Speaking of name problems, third-seeded Chanel Simmonds narrowly avoided an upset by winning the last four games to beat qualifier Michelle Sammons 6-4, 5-7, 7-5 in a battle of South Africans.
   Sammons served for the match at 5-4 in the third set, but the 26-year-old former Texas A&M and Purdue standout choked big-time and was broken at love. She double-faulted twice to trail 0-30, hit a backhand that clipped the tape and bounced back, then double-faulted.
   In addition to facing Simmonds, Sammons later lost in doubles with American Sianna Simmons. Seriously. Unfortunately, forward John Salmons of the Sacramento Kings in the NBA didn't make the 2 1/2-hour drive up Interstate 5 for the matches.
   One seed fell for the second straight day as qualifier Anamika Bhargava knocked off fellow American Samantha Crawford, the sixth seed and last year's U.S. Open junior girls champion, 7-6 (2), 6-4. American Sanaz Marand, seeded eighth, lost to 17-year-old qualifier Christina Makarova of San Diego on Tuesday.
   Unseeded Julia Boserup, the 2011 champion, advanced easily with her laser-like groundstrokes. The Newport Beach resident, who turned 22 on Monday, missed the first six months of the year with a bulging disc.
   However, the back problems of 2005 runner-up Ivana Lisjak flared up. She retired against fifth-seeded Adriana Perez of Venezuela with the match tied 1-1 in the third set. Lisjak, a 26-year-old Croat who lives in Las Vegas, returned to the tour in July after missing almost all of a 2 1/2-year stretch with a lower-back injury.
$25,000 THE ASCENSION PROJECT WOMEN'S CHALLENGER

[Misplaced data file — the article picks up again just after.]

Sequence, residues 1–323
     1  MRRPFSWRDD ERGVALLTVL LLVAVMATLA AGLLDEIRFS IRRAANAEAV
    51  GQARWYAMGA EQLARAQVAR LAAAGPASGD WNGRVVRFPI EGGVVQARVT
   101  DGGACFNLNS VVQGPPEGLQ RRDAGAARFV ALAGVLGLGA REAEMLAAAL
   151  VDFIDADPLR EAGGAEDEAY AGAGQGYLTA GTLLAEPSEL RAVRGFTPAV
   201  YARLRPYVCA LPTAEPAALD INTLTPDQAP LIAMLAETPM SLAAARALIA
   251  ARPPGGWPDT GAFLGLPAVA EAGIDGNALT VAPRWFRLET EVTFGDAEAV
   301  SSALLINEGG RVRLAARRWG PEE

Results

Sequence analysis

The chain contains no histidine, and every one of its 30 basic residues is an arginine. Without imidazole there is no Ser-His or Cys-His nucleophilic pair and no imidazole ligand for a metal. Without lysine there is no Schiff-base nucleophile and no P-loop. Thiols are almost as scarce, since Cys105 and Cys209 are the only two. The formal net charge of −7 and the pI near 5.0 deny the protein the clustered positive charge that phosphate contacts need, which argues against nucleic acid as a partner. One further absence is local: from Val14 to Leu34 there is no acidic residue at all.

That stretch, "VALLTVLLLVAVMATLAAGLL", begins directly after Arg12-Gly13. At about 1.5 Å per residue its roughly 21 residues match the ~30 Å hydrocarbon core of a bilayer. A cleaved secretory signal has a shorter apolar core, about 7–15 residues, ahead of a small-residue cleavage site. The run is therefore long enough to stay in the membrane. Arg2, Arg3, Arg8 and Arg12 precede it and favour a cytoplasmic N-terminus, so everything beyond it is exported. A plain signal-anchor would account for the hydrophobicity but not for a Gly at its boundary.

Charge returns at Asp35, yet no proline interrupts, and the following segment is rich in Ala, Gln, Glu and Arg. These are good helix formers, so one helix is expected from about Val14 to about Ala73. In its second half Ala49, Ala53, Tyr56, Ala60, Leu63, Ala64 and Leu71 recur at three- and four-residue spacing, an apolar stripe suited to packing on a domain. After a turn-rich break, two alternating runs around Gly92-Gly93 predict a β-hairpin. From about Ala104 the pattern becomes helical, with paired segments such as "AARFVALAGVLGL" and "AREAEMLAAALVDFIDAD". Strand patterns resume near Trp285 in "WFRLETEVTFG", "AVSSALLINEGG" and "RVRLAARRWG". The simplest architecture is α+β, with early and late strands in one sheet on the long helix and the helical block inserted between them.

In Redding, Calif.
First-round singles
   Macall Harkins, United States, def. Maria-Fernanda Alves, Brazil, 6-1, 6-1.
   Chanel Simmonds (3), South Africa, def. Michelle Sammons, South Africa, 6-4, 5-7, 7-5.
   Olivia Rogowska (1), Australia, def. Montserrat Gonzalez, Paraguay, 6-4, 6-0.
   Adriana Perez (5), Venezuela, def. Ivana Lisjak, Croatia, 5-7, 7-6 (5), 1-1, retired (back injury).
   Catherine Harrison, United States, def. Angelina Gabueva, Russia, 6-4, 6-2.
   Julia Boserup, United States, def. Ulrikke Eikeri, Norway, 6-0, 6-2.
   Anamika Bhargava, United States, def. Samantha Crawford (6), United States, 7-6 (2), 6-4.
   Beatrice Capra, United States, def. Caitlin Whoriskey, United States, 6-2, 6-1.
First-round doubles
   Robin Anderson and Lauren Embree, United States, def. Roxanne Ellison and Sierra A. Ellison, United States, 6-1, 6-4.
   Ksenia Pervak, Russia, and Yasmin Schnack, Elk Grove, def. Angelina Gabueva, Russia, and Ivana Lisjak, Croatia, walkover (Lisjak back injury).
  Macall Harkins and Sanaz Marand (4), United States, vs. Michelle Sammons, South Africa, and Sianna Simmons, United States, late.
   Anamika Bhargava and Ashley Weinhold, United States, vs. Ulrikke Eikeri, Norway, and Chanel Simmonds (3), South Africa, late.
Thursday's schedule
(Starting at 10 a.m.)
Court 2
   Macall Harkins, United States, vs. Ksenia Pervak (2), Russia.
   Robin Anderson, United States, vs. Veronica Cepede Royg (4), Paraguay.
   Olivia Rogowska (1), Australia, vs. Lauren Embree, United States.
   Emily Harman and Elizabeth Lumpkin, United States, vs. Jacqueline Cako and Allie Kiick, United States.
Court 1
   Anamika Bhargava, United States, vs. Julia Boserup, United States.
   Christina Makarova, United States, vs. Jacqueline Cako, United States.
   Chanel Simmonds (3), South Africa, vs. Beatrice Capra, United States.
   Robin Anderson and Lauren Embree, United States, vs. Anamika Bhargava and Ashley Weinhold, United States.
Court 3
   Despina Papamichail, Greece, vs. Allie Kiick (7), United States.
   Catherine Harrison, United States, vs. Adriana Perez (5), Venezuela.
   Macall Harkins and Sanaz Marand (4), United States, vs. Ksenia Pervak, Russia, and Yasmin Schnack, Elk Grove.
   Erin Clark, United States, and Despina Papamichail, Greece, vs. Veronica Cepede Royg, Paraguay, and Adriana Perez (2), Venezuela.